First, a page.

But we’re also invisible because we threaten the binary system of sexual identity, so neither gay nor “straight” people want to acknowledge bi people exist. The binary system exists to put as much distance as possible between heterosexuals and homosexuals, the “other.” For heterosexual people, especially straight men, admitting there are people who are “mostly heterosexual” or bisexual means they have to ask themselves if those feelings exist within their own hearts. Easier to just never mention them. Exclusively gay or lesbian people have different reasons to deny their existence. Historically, many gay people see themselves as having been “betrayed” by partners who identified as bisexual, so many see the label as signifying betrayal or cowardice.
If bisexual people do become visible, are truly seen, they are often mistrusted, feared, even despised. Bisexual women feed the fantasies of many straight men, but that is hardly acceptance. Bisexual men become instantly de-masculinized. Both are feared as disease carriers: bi women are sometimes shunned in the lesbian community for that reason, and straight women are warned away from bi men. Young bisexuals coming out are seen as going through a “phase,” a reason for a parent to hope that traditional marriage is still a possibility.
And the “It Gets Better” thing? Not so true for bi teens. A new study in the Journal of Adolescent Health (Cardom, Rostosky, and Danner, 2013) measured levels of depression in lesbian, gay, and bisexual teens and followed them to early adulthood. For gay men and lesbians, it does indeed “get better”—rates of depression symptoms, especially thoughts of suicide, decrease dramatically from adolescence to early twenties.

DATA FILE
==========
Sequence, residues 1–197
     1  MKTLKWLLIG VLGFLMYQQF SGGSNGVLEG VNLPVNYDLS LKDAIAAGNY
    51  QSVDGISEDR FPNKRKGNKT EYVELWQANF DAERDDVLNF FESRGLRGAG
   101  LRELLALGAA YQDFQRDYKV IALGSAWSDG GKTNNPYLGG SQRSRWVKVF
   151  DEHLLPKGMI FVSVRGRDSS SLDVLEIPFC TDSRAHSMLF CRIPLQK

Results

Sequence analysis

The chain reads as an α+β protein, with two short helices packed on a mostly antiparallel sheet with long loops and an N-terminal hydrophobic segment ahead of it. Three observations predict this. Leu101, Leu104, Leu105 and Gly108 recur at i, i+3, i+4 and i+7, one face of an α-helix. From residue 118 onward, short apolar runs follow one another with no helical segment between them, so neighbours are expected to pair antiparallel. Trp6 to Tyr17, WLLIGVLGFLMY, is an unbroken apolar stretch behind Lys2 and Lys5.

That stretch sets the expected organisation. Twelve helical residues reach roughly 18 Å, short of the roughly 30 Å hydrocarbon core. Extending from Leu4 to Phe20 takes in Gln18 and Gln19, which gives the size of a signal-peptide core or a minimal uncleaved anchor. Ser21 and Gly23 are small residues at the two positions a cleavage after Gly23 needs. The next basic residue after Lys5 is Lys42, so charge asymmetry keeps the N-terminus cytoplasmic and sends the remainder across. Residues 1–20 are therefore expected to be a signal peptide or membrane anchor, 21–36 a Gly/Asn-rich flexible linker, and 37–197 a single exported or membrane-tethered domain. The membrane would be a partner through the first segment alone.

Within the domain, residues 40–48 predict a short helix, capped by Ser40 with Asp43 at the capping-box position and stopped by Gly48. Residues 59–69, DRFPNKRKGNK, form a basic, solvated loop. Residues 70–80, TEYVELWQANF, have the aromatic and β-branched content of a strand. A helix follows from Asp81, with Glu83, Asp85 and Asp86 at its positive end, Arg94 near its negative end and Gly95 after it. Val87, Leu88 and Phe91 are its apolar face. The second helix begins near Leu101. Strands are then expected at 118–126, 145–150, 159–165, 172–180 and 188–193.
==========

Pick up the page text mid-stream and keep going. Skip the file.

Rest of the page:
But for bisexuals and those who identified as “mostly gay,” suicide thoughts and attempts did not decrease. The authors speculate that this is because exclusively gay teens receive support from the gay community, but bi teens find, to their dismay, that they are just as isolated and stigmatized in gay life as they felt in the straight world. And that leads them to be ambivalent and uncertain about their orientation.
In a weird way, it’s easier to be exclusively oriented to one gender. Even if that gender is your own—at least your orientation is clear-cut. It’s harder for you and everyone around you to be in denial. And you don’t have to ponder the meaning of “choice,” because you have none. As Janis Joplin sang, “freedom’s just another word for nothin’ left to lose,” and if you are gay, especially if you are gender nonconforming or gender queer, at some point you either come to terms with it or you don’t—which can mean suicidal ideation or a life of misery and isolation.
So, to an extent, bisexual people are perpetuating their own stigmatized position. I have found that most people self-identify according to the gender of their partner. Whether your partner is same or opposite sex, you get a lot more support and acceptance if you pretend to be what you look like as a couple. But as long as bisexuals do that, we allow the issue to remain invisible—or, worse, we allow all the terrible stereotypes of bisexuals to exist, unchallenged by the reality of having a loved one, co-worker, friend, or acquaintance who is openly bi.
- Cardom, R., Rostosky, S., Danner, F. “Does It Get Better for Depressed Sexual Minority Youth in Adulthood?” Journal of Adolescent Health, 2013.
- Savin-Williams, R., Rieger, G. Rosenthal, A. “Physiological Evidence for a Mostly Heterosexual Orientation Among Men.” Archives of Sexual Behavior, 2013.